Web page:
In my ebook, 7 Ways To Supercharge Your Family This Week, and in my personal coaching, I emphasize a few weekly events for families. These are the things that have produced in our family the relational gold we are most thankful for.
In 1979, a proclamation was signed to declare that year as the International Year of the Child. The motivation was to draw attention to the problems that affected children around the world. While this motivation is very admirable, there has been a swing since then to focus on the needs of the child above the needs of the family as a whole. This has created more families that are child-centered, which is not necessarily a good thing.
At that time, I was at Iowa State University studying Child Development. I loved children, and had focused so much during my formative years on caring for and teaching siblings, neighbors, and other children at child care centers. So why would I not agree with centering so much attention on children as a whole?
Since we had five children that were homeschooled—and very close in age—we had many a year when toddlers were part of our homeschool experience. Typically, toddlers are active, demanding, and have a short attention span.
But many families have homeschooled older children while two, three, or four children play at Mom’s feet. It can be done!
This post title may bug you a bit, and you may not be aware why. It’s probably due to a prevailing assumption in our culture—and I believe one of the most damaging mindsets for building great families today. It is the premise that you can have it all.
We have convinced ourselves that there is always a solution to getting more in our schedule or to have everything we want.
But there isn’t. And you can’t.
Since I’ve been on Periscope doing short scopes for moms, Mentoring Moments for Moms, I’ve gotten some great questions from those who are jumping on to the scopes. Because they are issues that concern many moms, I wanted to share a few in case there are others who would benefit from hearing them.
There were many times in raising our children that I felt I wasn’t doing the best job. Mistakes happen, children make wrong decisions, I didn’t respond in a way I knew I should have, etc.
Even with homeschooling my children, there were many times I felt I was not doing a good enough job.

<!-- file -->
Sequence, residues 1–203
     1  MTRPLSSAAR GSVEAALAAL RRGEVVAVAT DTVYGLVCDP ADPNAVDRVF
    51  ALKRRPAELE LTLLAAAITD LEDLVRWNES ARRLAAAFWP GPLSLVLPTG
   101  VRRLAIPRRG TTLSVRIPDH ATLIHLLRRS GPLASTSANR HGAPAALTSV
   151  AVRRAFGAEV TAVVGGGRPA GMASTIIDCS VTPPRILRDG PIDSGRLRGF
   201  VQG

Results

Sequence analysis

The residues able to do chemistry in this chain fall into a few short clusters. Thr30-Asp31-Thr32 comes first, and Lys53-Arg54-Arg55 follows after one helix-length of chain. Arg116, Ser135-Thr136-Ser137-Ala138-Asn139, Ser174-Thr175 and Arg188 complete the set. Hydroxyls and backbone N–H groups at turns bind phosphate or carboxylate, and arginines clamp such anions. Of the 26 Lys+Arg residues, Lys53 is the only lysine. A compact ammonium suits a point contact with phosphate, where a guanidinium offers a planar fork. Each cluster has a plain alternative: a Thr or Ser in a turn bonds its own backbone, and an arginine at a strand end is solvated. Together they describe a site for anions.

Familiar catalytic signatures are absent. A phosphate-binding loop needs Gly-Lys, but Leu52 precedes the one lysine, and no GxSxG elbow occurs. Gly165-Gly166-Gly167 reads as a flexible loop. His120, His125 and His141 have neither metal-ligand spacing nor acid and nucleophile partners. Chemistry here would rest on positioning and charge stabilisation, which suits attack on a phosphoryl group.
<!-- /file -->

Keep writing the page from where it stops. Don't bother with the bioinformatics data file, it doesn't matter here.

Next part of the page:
Such is the life of a mom—too often feeling we are not totally equipped to be the perfect example of motherhood.
Imagine playing ball in the front yard with your son. The ball rolls into the street. Your son begins to chase after it, unaware of an oncoming car. You call to your son to stop. Immediately, he stops dead in his tracks and turns back to look at you. At this point, the time you’ve taken to train him to obey you right away is worth it all.
Safety, of course, is a main reason why we teach our children to obey us right away. When they are in danger, we want to be sure they listen to our voice and heed the instruction.
When Gail and I ventured into educating our kids at home, we were mainly focused on teaching the normal curriculum common in most schools. It wasn’t long, however, before our perspective broadened dramatically.
We soon realized that their education wasn’t just the in-seat schoolwork for a few hours a day. All of life for us as homeschoolers became school. Every situation was a teaching opportunity.
I’m looking forward to the long 4th of July weekend—I love the idea of long, holiday weekends. But I can remember such weekends that didn’t end up as fun and relaxing as I’d hoped.
You’ve probably had some of those as well. You looked forward to throwing out the normal schedule and just doing whatever you want. Yet after the weekend is over, you don’t feel as recharged as you had envisioned. It felt like the weekend got away from you too fast. Regrettably, it felt a bit like a missed opportunity.
One of the biggest things I feared before becoming a mom was how to handle my kids’ teenage years.
My years from junior high and high school should have been filled with the excitement of being a teen. Instead I felt ugly, insecure, and frustrated with life in general. My parents were wonderful in sticking with me during those turbulent years, but looking back gave me more of a sense of doom in my ability to parent a teenager.